PYONGYANG, North Korea --
A day after the former basketball star sang “Happy Birthday” to North Korean leader
"I want to apologize," Rodman said. "I take full responsibility for my actions. It had been a very stressful day. Some of my teammates were leaving because of pressure from their families and business associates. My dreams of basketball diplomacy was quickly falling apart. I had been drinking. It's not an excuse but by the time the interview happened I was upset. I was overwhelmed. It's not an excuse, it's just the truth.
"We have not reached out to him. We've said before, if he wants to reach out to us, we're happy to hear from him and what he has to say," she told reporters.
That government's poor human rights record and its threats to use nuclear weapons against rival South Korea and the United States have kept it a pariah state. Kim shocked the world in December by having his uncle, once considered his mentor, executed after being accused of a litany of crimes including corruption, womanizing,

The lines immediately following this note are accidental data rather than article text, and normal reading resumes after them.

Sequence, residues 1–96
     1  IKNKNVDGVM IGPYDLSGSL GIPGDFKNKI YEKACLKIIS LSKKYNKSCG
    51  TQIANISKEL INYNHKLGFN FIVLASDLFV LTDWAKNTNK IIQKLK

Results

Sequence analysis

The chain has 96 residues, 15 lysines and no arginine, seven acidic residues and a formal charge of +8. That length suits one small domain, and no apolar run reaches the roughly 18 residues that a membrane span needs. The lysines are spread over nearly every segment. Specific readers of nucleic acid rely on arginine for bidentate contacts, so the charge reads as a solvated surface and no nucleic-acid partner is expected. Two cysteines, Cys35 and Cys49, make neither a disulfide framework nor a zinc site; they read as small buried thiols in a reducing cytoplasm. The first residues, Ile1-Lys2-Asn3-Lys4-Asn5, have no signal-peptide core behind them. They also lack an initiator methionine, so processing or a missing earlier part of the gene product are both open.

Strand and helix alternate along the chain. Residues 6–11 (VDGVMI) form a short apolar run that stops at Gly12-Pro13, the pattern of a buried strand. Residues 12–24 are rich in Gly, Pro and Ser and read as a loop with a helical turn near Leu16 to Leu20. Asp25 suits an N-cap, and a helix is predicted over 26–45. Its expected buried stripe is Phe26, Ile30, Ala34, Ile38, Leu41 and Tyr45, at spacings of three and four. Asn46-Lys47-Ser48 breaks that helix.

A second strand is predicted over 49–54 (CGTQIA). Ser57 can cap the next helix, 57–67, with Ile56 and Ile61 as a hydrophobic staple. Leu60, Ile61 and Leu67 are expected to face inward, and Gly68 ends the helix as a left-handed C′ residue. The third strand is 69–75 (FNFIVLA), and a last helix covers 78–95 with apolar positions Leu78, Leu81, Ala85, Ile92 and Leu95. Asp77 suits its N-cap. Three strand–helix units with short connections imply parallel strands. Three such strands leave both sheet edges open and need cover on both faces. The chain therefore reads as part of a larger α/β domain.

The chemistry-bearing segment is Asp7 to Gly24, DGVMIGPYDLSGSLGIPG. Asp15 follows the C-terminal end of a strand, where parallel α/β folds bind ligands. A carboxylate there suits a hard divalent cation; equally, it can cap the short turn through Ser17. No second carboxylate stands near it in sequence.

To keep it friendly, the Americans played against the North Koreans in the first half, but split up and merged teams for the second half.
Along with Rodman, the former NBA players included ex-all-stars Kenny Anderson, Cliff Robinson and Vin Baker. Also on the roster were Craig Hodges,
"We always tell Dennis that he can't sing. He is tone deaf," Smith said. "He did it alone."